An 18-month-old toddler was brought to the hospital with severe head injury after being struck by a car. Over a period of hours, her condition evolved from prognostic uncertainty to the diagnosis of brain death and considerations of organ donation. Against this medical backdrop, the clinicians successfully established a trusting relationship with family members by careful attention to their emotional, informational, and care needs as they absorbed the devastating prognosis, took in the results of the brain death examination, and considered the option of organ donation.

This case illustrates the importance of interdisciplinary communication, the vital role of social workers and other psychosocial providers with expertise in working with families, and the critical significance of mutual care and support for the clinicians who accompany families through these tragic life events.

To read the full article:
Truog RD, Christ G, Browning DM, Meyer EC. (2006) Sudden traumatic death in children: "we did everything, but your child didn't survive". JAMA. 2006 Jun 14;295(22):2646-54.

Wednesday, June 21, 2006

Google's Book Blog

Google has added a new tool in its quest to convince people that scanning millions of books in university libraries is beneficial and perfectly legal. The company started a blog devoted to the Google Book Search project.

One of the latest entries highlights the complete works of Shakespeare, all of which can be read in their entirety through Google. “The modern-day printing press brought his plays to people all around the world, unleashing countless performances and sparking astonishing creativity,” the blog item reads. “This summer we’re working to make Shakespeare even more accessible with our website.”

On a “News & Views” page of the blog, Google addresses lawsuits that have been filed seeking to stop it from scanning copyrighted library books. “So why has such a universally useful tool become so controversial? Because some in the publishing community question whether any third party should be able to copy and index copyrighted works so that users can search through them, even if all a user sees is the bibliographic information and a few snippets of text, and even if the result is to make those books widely discoverable online and help the authors and publishers sell more of them.”

As far as we know, the publishing groups opposing Google have not set up similar blogs making their case. A Google search (what else?) does pull up a press release by the Association of American Publishers on the issue:
“While authors and publishers know how useful Google’s search engine can be and think the Print Library could be an excellent resource, the bottom line is that under its current plan Google is seeking to make millions of dollars by freeloading on the talent and property of authors and publishers.” (

Tuesday, June 20, 2006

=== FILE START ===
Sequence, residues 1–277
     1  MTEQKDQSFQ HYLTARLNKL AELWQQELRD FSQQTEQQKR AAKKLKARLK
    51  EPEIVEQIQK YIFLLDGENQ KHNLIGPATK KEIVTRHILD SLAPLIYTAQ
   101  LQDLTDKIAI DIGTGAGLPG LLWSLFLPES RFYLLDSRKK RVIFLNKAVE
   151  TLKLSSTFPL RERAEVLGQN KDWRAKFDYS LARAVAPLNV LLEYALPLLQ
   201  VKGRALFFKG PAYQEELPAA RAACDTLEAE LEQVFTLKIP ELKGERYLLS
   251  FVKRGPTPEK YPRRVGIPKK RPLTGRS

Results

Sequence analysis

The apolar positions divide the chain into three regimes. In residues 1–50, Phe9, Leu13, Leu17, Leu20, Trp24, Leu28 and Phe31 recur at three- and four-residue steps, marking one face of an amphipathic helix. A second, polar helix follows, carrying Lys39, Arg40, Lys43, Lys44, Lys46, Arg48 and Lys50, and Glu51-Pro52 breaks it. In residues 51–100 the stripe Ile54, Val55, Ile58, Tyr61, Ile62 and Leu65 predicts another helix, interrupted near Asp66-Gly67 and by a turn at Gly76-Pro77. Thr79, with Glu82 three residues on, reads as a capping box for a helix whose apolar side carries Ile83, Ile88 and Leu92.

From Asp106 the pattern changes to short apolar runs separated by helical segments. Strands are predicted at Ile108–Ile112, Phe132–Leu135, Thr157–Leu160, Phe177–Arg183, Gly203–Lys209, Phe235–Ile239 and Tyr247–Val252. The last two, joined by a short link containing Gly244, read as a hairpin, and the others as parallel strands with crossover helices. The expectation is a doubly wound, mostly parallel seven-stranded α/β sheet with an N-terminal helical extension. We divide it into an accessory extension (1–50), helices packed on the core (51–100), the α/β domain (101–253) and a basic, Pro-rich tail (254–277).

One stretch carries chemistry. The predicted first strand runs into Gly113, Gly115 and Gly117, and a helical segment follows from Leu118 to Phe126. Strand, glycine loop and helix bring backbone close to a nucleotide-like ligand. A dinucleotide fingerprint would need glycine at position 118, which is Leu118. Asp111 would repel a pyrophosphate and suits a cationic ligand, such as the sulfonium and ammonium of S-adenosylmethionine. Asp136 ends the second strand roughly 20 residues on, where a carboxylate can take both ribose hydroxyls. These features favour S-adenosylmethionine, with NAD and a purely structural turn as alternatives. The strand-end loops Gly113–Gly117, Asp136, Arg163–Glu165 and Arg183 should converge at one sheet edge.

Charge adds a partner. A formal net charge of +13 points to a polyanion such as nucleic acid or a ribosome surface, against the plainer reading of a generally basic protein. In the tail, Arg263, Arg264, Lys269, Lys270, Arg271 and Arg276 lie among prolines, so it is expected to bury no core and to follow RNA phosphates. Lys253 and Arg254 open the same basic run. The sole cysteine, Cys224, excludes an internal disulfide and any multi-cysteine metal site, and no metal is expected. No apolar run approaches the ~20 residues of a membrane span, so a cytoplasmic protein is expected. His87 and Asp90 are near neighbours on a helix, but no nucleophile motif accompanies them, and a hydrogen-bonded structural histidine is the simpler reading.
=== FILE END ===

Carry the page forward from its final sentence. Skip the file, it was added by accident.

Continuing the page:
Healthcare spending: US vs. OECDs

In 2003, the United States had fewer practicing physicians,practicing nurses, and acute care bed days per capita than the median country in the Organization for Economic Cooperation and Development (OECD). Nevertheless, U.S. health spending per capita was almost two and a half times the per capita health spending of the median OECD country. One proposal for both lowering health spending and improving quality is the adoption of health information technology (HIT). The United States lags as much as a dozen years behind other industrialized countries in HIT adoption—countries where national governments have played major roles in establishing the rule, and health insurers have paid most of the costs.

To read the full article:

Anderson, G.F., Frogner, B.K., Johns, R.A., and Reinhardt, U.E. (2006). Health care spending and use of information technology in OECD countries. Health Affairs 25(3): 819-831

Monday, June 19, 2006

Mumps Outbreaks

May 18, 2006 MMWR Dispatch update
CDC and state and local health departments continue to investigate an outbreak of mumps that began in Iowa in December 2005 (1) and involved at least 10 additional states as of May 2, 2006. This report summarizes preliminary data reported to CDC from these 11 states and provides recommendations to prevent and control mumps during an outbreak.

The CDC Web site provides a collection of resources for healthcare professionals regarding the recent multistate mumps outbreak. The CDC has also released clinical guidance for the control and elimination of mumps.

Friday, June 16, 2006

YSN Library June 19 - June 23

Here is the schedule for when I will be at YSN for this week.
Questions, comments, concerns? .... please email me

Monday 6/19
8:30 - 3:30

Tuesday 6/20
See me in Medical Library for assistance - 737-2964
Class 3:00 - 4:00 EndNote Basics

Wednesday 6/21
2:00 - 5:00
Class 7:00 - 8:00 PowerPoint Basics

Thursday 6/22
See me in Medical Library for assistance - 737-2964

Friday 6/23